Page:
It was a stormy week this week, though earlier on we had some blue skies. Out strolling I met a neighbour who always stops to chat. Recently we have both been bemoaning the increase in traffic – both on foot and in cars – due to lockdown and a temporary one way system that saw cars barrelling along the narrow road. All in a mad hurry to get from their swims down in the nearby cove back to civilisation I suppose. This time he told me ‘they’ will be tearing down an old wall that runs alongside the small woods before the road turns down to cove, in order to put in a footpath. However when I checked online I didn’t see any such plans so hopefully it’s just a rumour. Its a nice old wall and I know a footpath will depress me. Next it will be street lighting. And disco bars…the car park down at the cove is now like one on a saturday anyway.
The woods, which line the small glen that cuts down to the cove, are lovely, if a bit ragged now in early spring. Despite it only covering few of acres, there are beech trees, oak and poplar trees and I think horse chestnut too. In May the ground is carpeted with bluebells, in autumn the yellow and russet leaves spiral down to trim the path. There are the usual blue tits and robins, rooks and pigeons all about. There are wee goldcrest in there as well as coal tits too, if you stop and look for long enough. I once heard long-eared owls there, late in summer, the creaky call of their young sounding like an unoiled gate – but have never seen them. My neighbour told me that they are there still and I might see them as dusk comes on. I’d better get looking before the streetlights appear.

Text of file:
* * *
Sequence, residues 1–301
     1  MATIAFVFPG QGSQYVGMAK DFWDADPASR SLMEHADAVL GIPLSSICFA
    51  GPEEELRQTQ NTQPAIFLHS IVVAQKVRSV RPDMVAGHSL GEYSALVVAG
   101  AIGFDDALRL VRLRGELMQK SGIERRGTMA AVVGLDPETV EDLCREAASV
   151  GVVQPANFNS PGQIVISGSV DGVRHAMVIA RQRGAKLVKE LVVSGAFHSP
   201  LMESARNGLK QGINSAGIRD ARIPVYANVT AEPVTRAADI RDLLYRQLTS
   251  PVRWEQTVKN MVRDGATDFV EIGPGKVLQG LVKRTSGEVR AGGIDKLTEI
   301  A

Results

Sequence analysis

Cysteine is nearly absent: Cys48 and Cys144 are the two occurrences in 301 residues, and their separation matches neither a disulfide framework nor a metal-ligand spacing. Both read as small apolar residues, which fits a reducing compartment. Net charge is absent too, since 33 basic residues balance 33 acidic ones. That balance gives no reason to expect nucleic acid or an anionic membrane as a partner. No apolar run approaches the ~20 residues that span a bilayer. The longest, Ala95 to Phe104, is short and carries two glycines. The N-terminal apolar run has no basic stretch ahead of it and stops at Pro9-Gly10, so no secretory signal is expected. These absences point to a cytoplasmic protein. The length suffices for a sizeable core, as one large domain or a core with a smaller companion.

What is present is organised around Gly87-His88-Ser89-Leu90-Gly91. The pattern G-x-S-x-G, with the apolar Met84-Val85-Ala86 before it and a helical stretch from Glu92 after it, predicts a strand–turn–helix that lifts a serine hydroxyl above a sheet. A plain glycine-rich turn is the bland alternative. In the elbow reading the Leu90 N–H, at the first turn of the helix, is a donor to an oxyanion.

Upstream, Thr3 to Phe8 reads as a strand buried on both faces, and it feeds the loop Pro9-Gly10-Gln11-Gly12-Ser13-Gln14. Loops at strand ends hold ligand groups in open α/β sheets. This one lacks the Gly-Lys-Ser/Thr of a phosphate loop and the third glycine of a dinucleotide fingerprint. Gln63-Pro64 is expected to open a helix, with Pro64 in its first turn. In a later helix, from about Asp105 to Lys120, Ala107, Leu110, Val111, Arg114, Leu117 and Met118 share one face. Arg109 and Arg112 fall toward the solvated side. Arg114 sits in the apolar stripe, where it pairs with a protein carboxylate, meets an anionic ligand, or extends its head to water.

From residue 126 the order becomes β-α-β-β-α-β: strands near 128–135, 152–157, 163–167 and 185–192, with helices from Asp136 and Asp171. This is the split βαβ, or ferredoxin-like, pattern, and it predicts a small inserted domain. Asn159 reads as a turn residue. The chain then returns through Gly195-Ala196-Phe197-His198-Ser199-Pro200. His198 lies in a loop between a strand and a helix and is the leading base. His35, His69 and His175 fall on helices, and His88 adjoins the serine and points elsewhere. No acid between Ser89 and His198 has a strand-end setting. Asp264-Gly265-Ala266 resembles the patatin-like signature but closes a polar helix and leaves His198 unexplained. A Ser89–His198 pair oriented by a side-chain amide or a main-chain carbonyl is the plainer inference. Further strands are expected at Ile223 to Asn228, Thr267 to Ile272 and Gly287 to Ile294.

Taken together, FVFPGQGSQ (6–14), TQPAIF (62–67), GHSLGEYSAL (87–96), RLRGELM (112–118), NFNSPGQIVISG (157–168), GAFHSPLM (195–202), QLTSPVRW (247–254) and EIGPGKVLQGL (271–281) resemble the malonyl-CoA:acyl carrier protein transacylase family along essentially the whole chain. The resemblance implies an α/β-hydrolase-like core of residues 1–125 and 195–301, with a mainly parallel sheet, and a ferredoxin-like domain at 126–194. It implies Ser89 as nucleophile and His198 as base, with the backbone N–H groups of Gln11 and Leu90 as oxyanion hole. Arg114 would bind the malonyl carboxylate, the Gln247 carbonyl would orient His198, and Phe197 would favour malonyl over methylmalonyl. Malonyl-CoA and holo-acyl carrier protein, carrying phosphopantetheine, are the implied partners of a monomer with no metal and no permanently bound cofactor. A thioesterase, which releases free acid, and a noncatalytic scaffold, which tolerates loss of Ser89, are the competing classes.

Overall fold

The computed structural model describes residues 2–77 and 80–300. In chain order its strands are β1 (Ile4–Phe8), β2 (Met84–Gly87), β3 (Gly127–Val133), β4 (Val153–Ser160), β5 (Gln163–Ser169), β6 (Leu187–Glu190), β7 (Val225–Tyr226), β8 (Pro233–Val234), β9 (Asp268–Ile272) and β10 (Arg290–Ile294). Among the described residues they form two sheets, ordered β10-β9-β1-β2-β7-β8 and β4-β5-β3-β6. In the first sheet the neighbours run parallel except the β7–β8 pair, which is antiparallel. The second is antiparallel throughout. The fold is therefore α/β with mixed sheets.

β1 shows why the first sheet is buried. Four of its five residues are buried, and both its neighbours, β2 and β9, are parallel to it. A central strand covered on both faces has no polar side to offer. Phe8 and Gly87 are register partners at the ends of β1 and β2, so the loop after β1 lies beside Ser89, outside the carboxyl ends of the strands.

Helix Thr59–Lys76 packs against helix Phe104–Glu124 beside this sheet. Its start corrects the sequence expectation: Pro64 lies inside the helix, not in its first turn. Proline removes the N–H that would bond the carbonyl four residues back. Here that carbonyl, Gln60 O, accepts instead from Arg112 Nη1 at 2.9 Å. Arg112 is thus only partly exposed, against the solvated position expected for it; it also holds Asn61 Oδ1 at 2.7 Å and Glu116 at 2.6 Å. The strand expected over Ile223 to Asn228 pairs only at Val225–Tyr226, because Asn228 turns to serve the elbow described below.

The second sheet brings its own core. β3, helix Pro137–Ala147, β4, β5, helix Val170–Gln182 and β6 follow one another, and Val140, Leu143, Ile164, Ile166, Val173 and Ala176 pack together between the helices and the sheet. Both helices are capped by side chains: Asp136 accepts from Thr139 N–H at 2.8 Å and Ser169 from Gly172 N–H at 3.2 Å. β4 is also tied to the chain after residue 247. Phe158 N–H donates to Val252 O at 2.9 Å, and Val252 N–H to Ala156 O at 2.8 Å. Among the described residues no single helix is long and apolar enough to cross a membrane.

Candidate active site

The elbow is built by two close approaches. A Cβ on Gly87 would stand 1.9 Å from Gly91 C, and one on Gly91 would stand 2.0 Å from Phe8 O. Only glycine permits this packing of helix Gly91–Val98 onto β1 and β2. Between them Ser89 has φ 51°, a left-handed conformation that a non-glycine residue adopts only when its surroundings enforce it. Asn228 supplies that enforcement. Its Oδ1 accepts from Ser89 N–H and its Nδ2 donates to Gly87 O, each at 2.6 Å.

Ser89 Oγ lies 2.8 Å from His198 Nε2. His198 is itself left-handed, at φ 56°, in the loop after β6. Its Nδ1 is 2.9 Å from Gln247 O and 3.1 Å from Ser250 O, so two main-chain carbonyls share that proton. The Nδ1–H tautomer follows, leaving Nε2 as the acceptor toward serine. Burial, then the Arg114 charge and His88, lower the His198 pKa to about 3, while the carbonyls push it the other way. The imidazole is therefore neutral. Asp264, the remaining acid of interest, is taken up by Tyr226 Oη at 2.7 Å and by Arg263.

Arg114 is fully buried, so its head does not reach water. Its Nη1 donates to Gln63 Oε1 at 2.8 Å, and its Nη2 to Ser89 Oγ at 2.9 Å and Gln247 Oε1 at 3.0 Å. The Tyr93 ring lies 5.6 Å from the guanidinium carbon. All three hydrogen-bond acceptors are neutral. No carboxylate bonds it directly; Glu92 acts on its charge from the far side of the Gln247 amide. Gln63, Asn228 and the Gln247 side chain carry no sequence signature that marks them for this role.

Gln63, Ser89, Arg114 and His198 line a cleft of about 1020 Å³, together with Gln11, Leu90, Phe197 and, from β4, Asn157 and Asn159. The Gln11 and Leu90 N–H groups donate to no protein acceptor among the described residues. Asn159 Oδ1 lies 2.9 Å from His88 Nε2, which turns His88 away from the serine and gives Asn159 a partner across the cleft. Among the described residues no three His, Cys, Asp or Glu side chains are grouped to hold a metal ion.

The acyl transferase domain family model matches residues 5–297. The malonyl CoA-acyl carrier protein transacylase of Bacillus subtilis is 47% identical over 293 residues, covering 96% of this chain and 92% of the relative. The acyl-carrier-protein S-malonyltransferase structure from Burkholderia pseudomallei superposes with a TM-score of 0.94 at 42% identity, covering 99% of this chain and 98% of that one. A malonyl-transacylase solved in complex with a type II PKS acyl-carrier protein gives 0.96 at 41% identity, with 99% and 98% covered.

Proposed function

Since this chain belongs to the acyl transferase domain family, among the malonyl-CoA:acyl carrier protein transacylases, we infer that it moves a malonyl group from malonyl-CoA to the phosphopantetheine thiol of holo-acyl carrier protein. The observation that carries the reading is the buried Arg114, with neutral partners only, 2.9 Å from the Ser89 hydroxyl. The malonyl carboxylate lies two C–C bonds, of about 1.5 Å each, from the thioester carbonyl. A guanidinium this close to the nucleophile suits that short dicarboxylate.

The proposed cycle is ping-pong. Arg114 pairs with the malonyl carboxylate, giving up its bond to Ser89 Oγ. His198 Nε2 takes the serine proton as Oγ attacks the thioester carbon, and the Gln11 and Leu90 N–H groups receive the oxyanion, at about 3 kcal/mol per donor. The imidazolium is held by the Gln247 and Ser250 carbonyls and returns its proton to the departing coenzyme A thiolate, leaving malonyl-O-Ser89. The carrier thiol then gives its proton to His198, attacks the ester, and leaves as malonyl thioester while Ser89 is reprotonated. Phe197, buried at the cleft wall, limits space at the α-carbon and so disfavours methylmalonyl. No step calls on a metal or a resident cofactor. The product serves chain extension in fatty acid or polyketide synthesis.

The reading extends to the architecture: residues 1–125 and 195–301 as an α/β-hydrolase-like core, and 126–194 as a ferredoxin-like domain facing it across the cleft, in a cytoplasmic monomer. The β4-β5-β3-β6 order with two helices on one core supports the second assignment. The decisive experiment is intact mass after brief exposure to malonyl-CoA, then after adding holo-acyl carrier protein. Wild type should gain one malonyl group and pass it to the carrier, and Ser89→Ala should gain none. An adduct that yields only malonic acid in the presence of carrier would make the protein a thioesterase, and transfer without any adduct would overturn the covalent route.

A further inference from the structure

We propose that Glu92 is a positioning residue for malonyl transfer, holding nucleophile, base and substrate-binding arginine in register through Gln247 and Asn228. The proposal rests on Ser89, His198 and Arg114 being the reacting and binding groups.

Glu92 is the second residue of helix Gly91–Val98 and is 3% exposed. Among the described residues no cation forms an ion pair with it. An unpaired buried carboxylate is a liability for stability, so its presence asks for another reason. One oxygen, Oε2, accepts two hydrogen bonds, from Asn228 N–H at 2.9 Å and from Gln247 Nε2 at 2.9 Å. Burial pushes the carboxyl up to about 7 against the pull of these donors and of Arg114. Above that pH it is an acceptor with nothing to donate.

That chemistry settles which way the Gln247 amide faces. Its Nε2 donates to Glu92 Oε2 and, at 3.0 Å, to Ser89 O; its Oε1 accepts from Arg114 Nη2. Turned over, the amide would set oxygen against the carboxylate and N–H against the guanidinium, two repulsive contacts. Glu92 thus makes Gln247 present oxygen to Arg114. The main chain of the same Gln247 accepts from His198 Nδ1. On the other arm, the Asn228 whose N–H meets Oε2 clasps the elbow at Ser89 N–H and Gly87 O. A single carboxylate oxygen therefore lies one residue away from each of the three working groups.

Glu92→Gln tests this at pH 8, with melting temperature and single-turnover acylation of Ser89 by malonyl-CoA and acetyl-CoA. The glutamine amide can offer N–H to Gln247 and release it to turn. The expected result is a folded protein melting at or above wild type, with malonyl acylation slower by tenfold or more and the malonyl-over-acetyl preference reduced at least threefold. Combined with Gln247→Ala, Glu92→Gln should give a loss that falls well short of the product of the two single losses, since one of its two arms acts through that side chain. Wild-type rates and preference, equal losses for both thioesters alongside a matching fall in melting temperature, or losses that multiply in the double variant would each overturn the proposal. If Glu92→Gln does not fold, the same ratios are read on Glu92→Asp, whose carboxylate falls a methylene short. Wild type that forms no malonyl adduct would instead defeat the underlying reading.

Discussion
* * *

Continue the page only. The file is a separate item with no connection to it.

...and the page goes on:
There’s an emergency access for the cove where a wide footpath splits off from the road and runs down through the woods. Beside the path, a river rushes over a series of tiny falls down to the stony cove at the sea’s edge. Until recently there were two wooden bridges spanning the stream, but they have now been replaced by one metal one. Locally the new bridge was seen as an ‘eyesore’ but I think its OK, probably safer too. And it’s been painted green, which helps. But I worry about the woods. The trees are tall and spindly, and, beset by ivy, they sway dangerously in the wind. Year on year I imagine they are thinning, that there are less and less of these rag-bag survivors from another era, hiding from the encroaching red roofs that can now be seen through the thin trunks up the side of the tiny glen. Maybe it’s my imagination.
Walking carefully back home – (I’ve been dizzy all week with an ear infection, which is why I have only taken you as far as the woods) – I saw the ‘Local Buzzard’ (Buzz) on a tree by the cliffs, his white breast shining in the sun. It wasn’t his usual hawthorn but as I watched he took off and flew low across the field towards me and swooped up to land in his thorny throne. Within seconds he was dive-bombed by a pair of hooded crows. You will often see buzzards picked on by crows. Their response is usually to move on, wings flapping heavily, like the large, plain child in the schoolyard, stumbling and bemused by the taunts of the more socially agile. Buzz took off, but for once he hesitated long enough to make a lunge at one of the crows before continuing on. It was gratifying to see. You’ve got to fight back.